1 All fungicides were tested for in vitro sensitivity tests excepting Cuprosan and Flint Max. 2 Company names during the Trials development and currently (in brackets). 3 WP, wettable powder; WG, water dispersible granule; EC, emulsifiable concentrate; EW, emulsion oil in water; SL, soluble. 4 Group numbers are assigned by the Fungicide Resistance Action Committee (FRAC) according to different modes of actions (for more information, see http://www.frac.info/). 5 QoI = quinone outside inhibitor (strobilurin). 6 SDHI = Succinate dehydrogenase inhibitor. 7 DMI = demethylation (sterol) inhibitor. 8 EBDC = ethylene bisdithiocarbamate. * Products tested under field conditions.
Table 2. Olive orchards selected to compare management strategies.
Table 2. Olive orchards selected to compare management strategies.
OrchardLocationUTM 1Farming System 2CultivarRisk Factor 3Period of Evaluation
1El CañueloCórdoba (Córdoba)37.763166; −4.670026Low-density/OrganicPicualLow2012/2016
2El Realengo 1 4Antequera (Málaga)37.188711; −4.573885High-density/IPMArbequinaMild2012/2016
3El Realengo 2Antequera (Málaga)37.191442; −4.576739High-density/IPMHojiblancaMild2012/2016
4El Realengo 3Antequera (Málaga)37.,191959; −4.576605High-density/IPMPicualMild2012/2016
5Fonte dos FradesBeja (Portugal)38.021307; −7.747067High-density/IPMHojiblancaHigh2012/2013
6La VeguillaCórdoba (Córdoba)37.820535; −4.896576High-density/IPMHojiblancaLow2012/2016
7LinaresLinares (Jaén)38.097234; −3.709578High-density/IPMPicualMild2012/2016
8Los CansinosCórdoba (Córdoba)37.892221; −4.596169Super-High-density/IPMArbequinaLow2012/2015
9Malena de CastroLinares (Jaén)38.113009; −3.590850High-density/IPMPicualLow2012/2016
10NaranjillaCarmona (Sevilla)37.409752; −5.807546High-density/IPMManzanilla de SevillaHigh2012/2015
11Ribera AltaCórdoba (Córdoba)37.953271; −4.624638High-density/IPMPicualHigh2012/2016
12TodolivoPedro Abad (Córdoba)37.959700; −4.466828Super-High-density/IPMArbequinaMild2012/2015
13AljarafeBollullos de la Mitación (Sevilla)37.356450; −6.164204High-density/OrganicManzanilla de SevillaHigh2013/2016
14Los BallesterosEl Cuervo (Sevilla)36.795540; −5.971842High-density/IPMHojiblancaHigh2013/2016
15Cortijo de Guadiana 1 4Úbeda (Jaén)37.914793; −3.232109High-density/IPMPicualMild2014/2016
16Cortijo de Guadiana 2Úbeda (Jaén)37.902171; −3.237424High-density/OrganicPicualLow2014/2016
1 Universal Transverse Mercator coordinate system. 2 Categories of farming system based on planting density and type of production: Low-density plantation < 100 olive trees/ha, High-density plantation ≥ 100 and < 200, and Super-High-Density plantation ≥ 200. IPM: integrated pest management. 3 Risk categories to the infection of aerial olive diseases according to the climatic history of the location (AEMET, 2011) and the particular edaphic and climatic conditions of the experimental field (topography, orientation and presence of rivers and streams nearby). 4 Within these orchards, different experimental trials were selected depending on the cultivar (El Realengo) or the farming system (Cortijo de Guadiana).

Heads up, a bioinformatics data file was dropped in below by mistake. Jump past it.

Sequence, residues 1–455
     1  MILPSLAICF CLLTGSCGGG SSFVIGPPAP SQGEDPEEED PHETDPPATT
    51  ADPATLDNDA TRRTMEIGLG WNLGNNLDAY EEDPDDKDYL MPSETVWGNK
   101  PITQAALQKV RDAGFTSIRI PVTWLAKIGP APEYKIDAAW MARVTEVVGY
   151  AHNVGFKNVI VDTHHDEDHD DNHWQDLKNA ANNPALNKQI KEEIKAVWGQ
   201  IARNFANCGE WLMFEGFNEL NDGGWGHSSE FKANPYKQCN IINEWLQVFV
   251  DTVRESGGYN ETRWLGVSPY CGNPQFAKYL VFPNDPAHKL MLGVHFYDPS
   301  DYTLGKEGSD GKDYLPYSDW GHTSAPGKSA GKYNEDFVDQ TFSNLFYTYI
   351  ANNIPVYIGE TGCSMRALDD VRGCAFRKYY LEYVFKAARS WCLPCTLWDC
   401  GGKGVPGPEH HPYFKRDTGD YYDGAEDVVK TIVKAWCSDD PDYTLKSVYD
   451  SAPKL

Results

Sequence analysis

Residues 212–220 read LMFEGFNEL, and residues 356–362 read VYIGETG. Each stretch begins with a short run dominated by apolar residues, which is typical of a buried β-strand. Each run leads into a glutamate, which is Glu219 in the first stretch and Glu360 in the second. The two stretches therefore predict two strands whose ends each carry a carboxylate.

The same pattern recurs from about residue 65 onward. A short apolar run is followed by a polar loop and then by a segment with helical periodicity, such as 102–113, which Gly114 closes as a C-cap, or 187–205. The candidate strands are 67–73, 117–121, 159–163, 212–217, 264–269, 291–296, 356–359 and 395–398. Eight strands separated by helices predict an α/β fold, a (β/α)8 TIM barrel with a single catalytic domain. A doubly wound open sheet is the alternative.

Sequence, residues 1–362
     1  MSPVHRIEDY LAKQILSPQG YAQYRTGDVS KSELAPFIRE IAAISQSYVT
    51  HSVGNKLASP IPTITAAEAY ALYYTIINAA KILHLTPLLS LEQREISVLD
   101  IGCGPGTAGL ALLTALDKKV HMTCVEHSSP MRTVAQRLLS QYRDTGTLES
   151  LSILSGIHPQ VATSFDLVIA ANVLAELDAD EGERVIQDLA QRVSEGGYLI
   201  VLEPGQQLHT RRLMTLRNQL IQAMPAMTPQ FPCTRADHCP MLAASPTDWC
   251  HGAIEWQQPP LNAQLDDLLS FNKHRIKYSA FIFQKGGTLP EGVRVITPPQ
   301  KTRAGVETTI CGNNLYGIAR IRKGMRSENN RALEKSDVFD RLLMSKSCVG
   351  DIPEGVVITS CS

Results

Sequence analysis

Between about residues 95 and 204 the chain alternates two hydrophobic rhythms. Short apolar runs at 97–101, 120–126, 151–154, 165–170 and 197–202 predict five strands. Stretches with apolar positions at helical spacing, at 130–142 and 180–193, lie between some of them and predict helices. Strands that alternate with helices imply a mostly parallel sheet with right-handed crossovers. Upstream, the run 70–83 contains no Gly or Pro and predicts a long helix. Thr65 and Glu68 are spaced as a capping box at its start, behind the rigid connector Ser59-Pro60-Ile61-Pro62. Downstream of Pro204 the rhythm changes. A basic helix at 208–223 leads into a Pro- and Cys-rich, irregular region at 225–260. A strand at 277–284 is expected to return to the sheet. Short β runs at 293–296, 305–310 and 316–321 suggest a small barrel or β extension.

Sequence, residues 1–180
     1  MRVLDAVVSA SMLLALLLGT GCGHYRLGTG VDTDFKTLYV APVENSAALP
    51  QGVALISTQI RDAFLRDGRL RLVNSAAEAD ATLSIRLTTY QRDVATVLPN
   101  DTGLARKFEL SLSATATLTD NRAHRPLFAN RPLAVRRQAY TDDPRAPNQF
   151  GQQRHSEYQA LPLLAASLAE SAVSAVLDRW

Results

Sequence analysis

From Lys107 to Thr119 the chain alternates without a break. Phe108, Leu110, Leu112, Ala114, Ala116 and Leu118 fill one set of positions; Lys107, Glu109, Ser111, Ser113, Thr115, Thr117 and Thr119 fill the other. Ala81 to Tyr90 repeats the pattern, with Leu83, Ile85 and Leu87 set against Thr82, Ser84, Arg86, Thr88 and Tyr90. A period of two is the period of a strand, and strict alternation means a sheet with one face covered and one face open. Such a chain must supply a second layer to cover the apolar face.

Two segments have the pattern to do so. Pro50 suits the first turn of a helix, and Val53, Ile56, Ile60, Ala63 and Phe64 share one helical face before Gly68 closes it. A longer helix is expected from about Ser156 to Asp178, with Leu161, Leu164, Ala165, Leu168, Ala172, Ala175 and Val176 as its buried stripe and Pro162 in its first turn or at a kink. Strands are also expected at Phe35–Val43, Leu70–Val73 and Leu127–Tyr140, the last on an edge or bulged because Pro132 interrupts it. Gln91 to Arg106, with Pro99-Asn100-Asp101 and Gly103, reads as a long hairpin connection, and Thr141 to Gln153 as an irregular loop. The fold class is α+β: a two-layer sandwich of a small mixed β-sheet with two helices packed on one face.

Table 3. Effect of fungicides on the inhibition of mycelial growth and conidial germination of Peudocercospora cladosporioides in in vitro sensitivity tests. The pathogen isolate ILE40 and a conidial suspension from olive leaves with disease symptoms were used, respectively, in each of the two trials.
Table 3. Effect of fungicides on the inhibition of mycelial growth and conidial germination of Peudocercospora cladosporioides in in vitro sensitivity tests. The pathogen isolate ILE40 and a conidial suspension from olive leaves with disease symptoms were used, respectively, in each of the two trials.
Fungicides 1Inhibition
Mycelial GrowthConidial Germination
EC50 2EC90 3EC50EC90
Copper hydroxide 50% Cu WP111.82 b 4400.41 a0.85 cd15.03 a
Copper oxychloride 38% Cu WP210.39 a>6000.75 cd13.05 a
Cuprous oxide 75% WP172.14 ab>6000.36 e3.32 bc
Copper calcium sulfate 20% WP223.15 a>6000.80 cd5.38 b
Copper sulphate 25% Cu WP>600>6000.08 gh0.65 e
Captan 50% WP>600>6000.48 de1.35 de
Maneb 80% WP42.58 c>6001.21 c27.52 a
Mancozeb 80% WP60.61 c327.27 a6.74 b>32
Folpet 50% WP2.73 e>100.10 fg0.59 e
Folpet 30% + Cuprous oxide 10% + Copper calcium sulfate 10% WP8.17 d>100.14 f1.77 cd
Difenoconazole 25% EC2.14 e>1017.01 a>32